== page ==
The Christmas Truce
Many, perhaps close to the majority, of the thousands of men who celebrated Christmas 1914 together would not live to see the return of peace. But for those who did survive, the truce was something that would never be forgotten.
Capital Thinking • Issue #745 • View online
The first signs that something strange was happening occurred on Christmas Eve.
At 8:30 p.m. an officer of the Royal Irish Rifles reported to headquarters:
“Germans have illuminated their trenches, are singing songs and wishing us a Happy Xmas. Compliments are being exchanged but am nevertheless taking all military precautions.“
From A Blast From the Past by Mike Dash:
Even at the distance of a century, no war seems more terrible than World War I.
In the four years between 1914 and 1918, it killed or wounded more than 25 million people–peculiarly horribly, and (in popular opinion, at least) for less apparent purpose than did any other war before or since.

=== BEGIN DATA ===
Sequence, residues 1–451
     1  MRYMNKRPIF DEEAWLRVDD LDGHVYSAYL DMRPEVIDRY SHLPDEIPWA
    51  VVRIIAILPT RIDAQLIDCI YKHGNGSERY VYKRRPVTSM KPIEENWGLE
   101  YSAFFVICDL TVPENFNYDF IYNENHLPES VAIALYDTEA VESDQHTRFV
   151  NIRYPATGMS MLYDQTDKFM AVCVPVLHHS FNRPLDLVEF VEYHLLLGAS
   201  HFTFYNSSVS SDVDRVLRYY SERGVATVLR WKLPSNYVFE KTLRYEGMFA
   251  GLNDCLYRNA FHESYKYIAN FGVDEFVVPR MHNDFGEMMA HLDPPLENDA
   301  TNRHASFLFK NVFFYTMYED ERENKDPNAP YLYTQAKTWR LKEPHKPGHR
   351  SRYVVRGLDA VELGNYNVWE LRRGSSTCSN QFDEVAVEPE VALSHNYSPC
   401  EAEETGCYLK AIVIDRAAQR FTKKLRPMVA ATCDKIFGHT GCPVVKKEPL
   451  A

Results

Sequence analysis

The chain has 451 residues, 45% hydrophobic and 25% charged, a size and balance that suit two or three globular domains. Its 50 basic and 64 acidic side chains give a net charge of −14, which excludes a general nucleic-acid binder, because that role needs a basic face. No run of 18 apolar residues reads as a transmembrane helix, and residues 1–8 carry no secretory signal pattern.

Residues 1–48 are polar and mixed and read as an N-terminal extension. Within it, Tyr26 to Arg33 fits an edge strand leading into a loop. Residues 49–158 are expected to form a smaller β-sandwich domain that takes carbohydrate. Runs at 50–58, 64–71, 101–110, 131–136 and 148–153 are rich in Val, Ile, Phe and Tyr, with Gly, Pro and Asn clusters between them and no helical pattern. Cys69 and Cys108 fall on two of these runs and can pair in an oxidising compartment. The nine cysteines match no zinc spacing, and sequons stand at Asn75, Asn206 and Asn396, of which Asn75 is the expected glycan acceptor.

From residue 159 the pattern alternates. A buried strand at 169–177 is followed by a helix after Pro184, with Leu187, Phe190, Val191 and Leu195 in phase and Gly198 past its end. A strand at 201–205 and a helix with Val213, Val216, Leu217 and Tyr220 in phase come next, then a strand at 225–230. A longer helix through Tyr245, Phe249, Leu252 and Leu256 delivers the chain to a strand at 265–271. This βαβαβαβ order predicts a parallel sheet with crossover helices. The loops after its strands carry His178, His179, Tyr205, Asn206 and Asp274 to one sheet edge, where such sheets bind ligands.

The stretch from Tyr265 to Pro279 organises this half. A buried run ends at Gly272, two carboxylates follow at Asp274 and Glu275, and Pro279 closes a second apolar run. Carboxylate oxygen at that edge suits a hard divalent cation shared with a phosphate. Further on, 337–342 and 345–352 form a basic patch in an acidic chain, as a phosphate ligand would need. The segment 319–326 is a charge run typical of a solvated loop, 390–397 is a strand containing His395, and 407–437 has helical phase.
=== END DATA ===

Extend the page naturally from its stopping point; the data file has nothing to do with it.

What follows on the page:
Yet there were still odd moments of joy and hope in the trenches of Flanders and France, and one of the most remarkable came during the first Christmas of the war, a few brief hours during which men from both sides on the Western Front laid down their arms, emerged from their trenches, and shared food, carols, games and comradeship.
Their truce–the famous Christmas Truce–was unofficial and illicit.
Many officers disapproved, and headquarters on both sides took strong steps to ensure that it could never happen again.
While it lasted, though, the truce was magical, leading even the sober Wall Street Journal to observe:
“What appears from the winter fog and misery is a Christmas story, a fine Christmas story that is, in truth, the most faded and tattered of adjectives: inspiring.”